Schindlers Attorneys is South Africa’s first and only law firm to have a department dedicated to ‘M&R’ (‘medicinal’ & ‘recreational’) cannabis (“dagga”) law, advising both international and local clients. Schindlers’ department focuses on five primary areas relating to M&R cannabis advice. These are:
The department is run by three partners, with professional support staff, all of whom have varying skills sets in one or more of the five fields.
Cannabiz Africa believes cannabis should be completely legal and in time, we are quietly confident that it will be. As cannabis emerges from the underground into the mainstream economy there are pitfalls for both cannabis entrepreneurs and consumers until there is definitive legislative change. Far-reaching legislative change is expected this year, but in the meantime, the justice system is clear that the Law is the Law. Cannabis dealing remains illegal and that arrests will continue until such time as
Canapax founder, the controversial Russel de Beer, was arrested by the Hawks last week at his Hartebeestpooort property. They put out a statement saying they would link the current charges he is facing to the ones relating to his arrest in 2019 relating to his Canapax brand in which he claimed it was legal to sell cannabis under the auspices of it being a traditional medicine.
It has been bought to Cannabiz Africa’s attention that Canapax franchises are still operating out there. In light of this, a word of caution from Schindlers Attorneys Paul-Michael Keichel:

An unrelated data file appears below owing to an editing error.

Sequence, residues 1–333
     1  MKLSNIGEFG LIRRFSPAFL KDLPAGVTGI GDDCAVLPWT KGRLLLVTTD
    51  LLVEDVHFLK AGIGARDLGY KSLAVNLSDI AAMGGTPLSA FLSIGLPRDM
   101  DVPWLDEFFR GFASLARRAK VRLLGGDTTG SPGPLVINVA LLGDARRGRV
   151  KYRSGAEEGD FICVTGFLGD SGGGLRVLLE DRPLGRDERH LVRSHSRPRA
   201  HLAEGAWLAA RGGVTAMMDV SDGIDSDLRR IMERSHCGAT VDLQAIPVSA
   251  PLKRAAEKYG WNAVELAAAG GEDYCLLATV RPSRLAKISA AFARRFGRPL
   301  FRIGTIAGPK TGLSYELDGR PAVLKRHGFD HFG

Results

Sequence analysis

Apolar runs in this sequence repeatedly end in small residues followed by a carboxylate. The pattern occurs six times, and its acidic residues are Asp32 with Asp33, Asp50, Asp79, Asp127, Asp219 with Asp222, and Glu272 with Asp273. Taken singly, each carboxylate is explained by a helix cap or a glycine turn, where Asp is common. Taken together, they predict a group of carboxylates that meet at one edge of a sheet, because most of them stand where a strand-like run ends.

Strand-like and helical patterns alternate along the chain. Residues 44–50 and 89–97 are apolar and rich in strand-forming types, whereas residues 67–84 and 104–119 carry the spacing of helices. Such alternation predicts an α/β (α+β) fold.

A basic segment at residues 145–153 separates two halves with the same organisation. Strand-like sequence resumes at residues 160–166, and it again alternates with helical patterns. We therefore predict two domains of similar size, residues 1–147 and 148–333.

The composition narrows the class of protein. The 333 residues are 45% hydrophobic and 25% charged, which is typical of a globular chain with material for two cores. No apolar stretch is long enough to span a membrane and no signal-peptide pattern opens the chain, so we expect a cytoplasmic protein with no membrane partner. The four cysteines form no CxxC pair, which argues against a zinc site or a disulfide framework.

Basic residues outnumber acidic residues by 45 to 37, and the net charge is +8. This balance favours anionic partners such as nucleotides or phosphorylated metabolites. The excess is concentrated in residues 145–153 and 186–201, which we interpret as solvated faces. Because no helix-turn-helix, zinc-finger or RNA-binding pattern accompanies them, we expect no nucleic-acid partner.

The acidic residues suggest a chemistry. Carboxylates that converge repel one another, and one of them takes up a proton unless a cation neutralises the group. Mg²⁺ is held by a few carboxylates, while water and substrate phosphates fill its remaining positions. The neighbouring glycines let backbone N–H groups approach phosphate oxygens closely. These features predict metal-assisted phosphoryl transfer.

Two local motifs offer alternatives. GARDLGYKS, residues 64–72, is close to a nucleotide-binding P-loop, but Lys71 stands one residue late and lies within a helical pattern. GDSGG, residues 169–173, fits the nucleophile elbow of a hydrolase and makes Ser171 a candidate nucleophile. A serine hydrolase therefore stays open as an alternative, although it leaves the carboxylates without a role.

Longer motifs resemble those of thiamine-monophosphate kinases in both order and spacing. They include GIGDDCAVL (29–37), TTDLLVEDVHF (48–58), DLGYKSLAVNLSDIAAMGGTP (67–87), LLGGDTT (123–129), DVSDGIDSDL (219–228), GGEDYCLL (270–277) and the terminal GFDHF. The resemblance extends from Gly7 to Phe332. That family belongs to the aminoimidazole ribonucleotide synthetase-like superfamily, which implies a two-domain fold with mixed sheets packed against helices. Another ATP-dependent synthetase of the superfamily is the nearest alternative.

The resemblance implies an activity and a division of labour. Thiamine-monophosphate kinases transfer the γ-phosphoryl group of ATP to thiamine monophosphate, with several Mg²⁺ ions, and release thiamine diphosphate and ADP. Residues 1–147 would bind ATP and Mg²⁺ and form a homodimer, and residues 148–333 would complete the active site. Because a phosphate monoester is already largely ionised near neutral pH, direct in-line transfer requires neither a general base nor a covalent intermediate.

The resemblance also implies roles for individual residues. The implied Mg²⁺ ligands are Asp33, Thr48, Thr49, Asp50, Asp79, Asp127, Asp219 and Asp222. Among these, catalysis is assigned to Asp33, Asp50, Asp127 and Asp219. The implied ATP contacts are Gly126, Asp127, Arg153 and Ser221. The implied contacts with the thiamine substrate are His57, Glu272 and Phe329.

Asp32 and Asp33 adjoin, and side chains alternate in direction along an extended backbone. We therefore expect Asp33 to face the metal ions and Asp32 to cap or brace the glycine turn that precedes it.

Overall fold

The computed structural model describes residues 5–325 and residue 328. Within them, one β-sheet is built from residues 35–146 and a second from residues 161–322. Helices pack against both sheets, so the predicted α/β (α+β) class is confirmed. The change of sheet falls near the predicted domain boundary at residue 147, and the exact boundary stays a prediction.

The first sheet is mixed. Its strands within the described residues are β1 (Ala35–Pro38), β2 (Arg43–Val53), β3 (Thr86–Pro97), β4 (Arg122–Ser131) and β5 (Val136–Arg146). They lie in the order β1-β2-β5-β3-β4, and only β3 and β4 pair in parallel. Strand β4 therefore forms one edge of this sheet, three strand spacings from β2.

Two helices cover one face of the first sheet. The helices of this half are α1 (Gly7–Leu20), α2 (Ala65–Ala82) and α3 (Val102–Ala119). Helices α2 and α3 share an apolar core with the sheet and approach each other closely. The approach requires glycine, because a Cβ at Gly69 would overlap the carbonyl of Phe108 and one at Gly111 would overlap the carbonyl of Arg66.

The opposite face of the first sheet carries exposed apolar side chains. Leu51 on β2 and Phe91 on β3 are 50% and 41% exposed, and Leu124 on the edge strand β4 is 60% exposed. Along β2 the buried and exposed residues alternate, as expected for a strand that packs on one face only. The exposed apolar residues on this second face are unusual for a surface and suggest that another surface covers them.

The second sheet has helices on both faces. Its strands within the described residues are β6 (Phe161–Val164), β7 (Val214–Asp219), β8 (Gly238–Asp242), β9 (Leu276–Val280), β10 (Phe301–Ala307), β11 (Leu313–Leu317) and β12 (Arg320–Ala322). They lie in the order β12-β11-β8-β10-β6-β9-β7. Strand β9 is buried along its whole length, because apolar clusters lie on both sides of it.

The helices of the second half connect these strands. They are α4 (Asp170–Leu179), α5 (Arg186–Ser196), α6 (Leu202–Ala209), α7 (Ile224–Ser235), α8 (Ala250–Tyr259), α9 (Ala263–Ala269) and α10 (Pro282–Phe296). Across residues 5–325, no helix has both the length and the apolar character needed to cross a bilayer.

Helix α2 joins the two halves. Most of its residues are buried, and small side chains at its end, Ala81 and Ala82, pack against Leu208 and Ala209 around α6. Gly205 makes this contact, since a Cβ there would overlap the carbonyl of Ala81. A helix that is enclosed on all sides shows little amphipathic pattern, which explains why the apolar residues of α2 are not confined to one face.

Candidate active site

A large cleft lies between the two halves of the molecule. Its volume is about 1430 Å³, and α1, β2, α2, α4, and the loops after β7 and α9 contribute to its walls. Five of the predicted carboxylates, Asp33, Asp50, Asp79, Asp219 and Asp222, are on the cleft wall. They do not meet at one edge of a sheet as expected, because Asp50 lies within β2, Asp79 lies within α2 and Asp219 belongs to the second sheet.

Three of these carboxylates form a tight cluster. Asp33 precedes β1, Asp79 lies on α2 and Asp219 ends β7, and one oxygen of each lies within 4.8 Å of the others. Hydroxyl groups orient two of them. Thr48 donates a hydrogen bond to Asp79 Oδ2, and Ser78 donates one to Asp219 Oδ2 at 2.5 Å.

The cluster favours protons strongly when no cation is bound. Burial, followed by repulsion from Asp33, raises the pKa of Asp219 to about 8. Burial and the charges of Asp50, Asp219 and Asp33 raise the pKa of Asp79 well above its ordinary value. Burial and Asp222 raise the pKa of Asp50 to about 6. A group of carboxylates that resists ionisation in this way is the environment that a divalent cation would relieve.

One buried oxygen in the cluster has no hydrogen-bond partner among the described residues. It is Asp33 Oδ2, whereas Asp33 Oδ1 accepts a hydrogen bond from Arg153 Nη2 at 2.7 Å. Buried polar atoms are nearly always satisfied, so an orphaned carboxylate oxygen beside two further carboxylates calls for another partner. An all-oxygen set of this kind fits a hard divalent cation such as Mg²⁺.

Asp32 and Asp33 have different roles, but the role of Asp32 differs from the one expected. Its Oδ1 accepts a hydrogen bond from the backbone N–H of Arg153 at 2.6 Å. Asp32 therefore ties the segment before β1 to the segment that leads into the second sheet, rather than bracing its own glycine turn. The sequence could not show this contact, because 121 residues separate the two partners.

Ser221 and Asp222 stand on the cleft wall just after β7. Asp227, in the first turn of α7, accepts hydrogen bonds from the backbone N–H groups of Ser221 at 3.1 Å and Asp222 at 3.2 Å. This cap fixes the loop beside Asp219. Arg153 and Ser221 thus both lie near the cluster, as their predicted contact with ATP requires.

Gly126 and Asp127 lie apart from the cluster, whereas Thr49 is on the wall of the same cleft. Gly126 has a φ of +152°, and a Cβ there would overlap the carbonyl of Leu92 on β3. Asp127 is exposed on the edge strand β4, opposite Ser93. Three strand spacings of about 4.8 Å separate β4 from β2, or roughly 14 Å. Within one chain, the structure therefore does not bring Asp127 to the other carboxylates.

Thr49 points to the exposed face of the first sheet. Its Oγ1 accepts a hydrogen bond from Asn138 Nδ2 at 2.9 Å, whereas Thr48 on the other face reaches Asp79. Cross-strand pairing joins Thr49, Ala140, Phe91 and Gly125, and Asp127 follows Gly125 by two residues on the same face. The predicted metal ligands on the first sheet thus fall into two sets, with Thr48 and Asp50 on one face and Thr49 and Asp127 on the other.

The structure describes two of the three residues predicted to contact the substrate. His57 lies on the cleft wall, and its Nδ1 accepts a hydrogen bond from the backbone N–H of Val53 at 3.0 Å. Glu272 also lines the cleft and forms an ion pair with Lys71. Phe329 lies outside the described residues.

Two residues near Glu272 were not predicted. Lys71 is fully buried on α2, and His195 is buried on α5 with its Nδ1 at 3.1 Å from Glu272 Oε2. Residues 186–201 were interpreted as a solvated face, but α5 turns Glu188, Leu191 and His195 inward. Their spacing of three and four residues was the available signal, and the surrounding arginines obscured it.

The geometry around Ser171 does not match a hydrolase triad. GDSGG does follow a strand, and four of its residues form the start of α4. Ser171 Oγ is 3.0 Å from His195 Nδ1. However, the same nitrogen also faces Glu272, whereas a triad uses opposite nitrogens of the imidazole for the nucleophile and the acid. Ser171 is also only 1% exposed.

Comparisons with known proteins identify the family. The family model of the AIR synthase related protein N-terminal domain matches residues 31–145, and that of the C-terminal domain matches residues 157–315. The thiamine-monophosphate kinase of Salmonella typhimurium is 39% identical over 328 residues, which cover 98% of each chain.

“Please note that nowhere in traditional healers’ legislation does it allow for the sale of prohibited and/or scheduled substances”
The legalization of cannabis is underway but there is a lot of legal grey area in terms of possession of ‘adult use’ or recreational cannabis. A vast number of private cannabis clubs (PCC’s) have emerged claiming to be operating within the law through various membership models.
The PCC model test case is that of The Haze Club, where the prosecution has been held back pending a High Court decision on the legality of such clubs. Cannabiz Africa’s Legal Desk has the following warning to the public around PCC’s. This statement has been drafted by Cannabiz Africa Legal Desk partner Andrew Lawrie of Schindler’s Attorneys,
“Pending the outcome of the THC high court application, which will hopefully be heard on 14 June 2021, the public is advised to refrain from conducting activities associated with the now commonly known “Grow Club Model”, without taking proper advice.
Power Players takes a slightly different view this week. Our top two players this week are the South African ministers who are the biggest obstacles to their own government’s cannabis reform initiative.
Cannabiz Africa believes the following two accused should be in the dock instead of the scores of ordinary South Africans arrested for trying to make a living out of a plant that provides a service to society.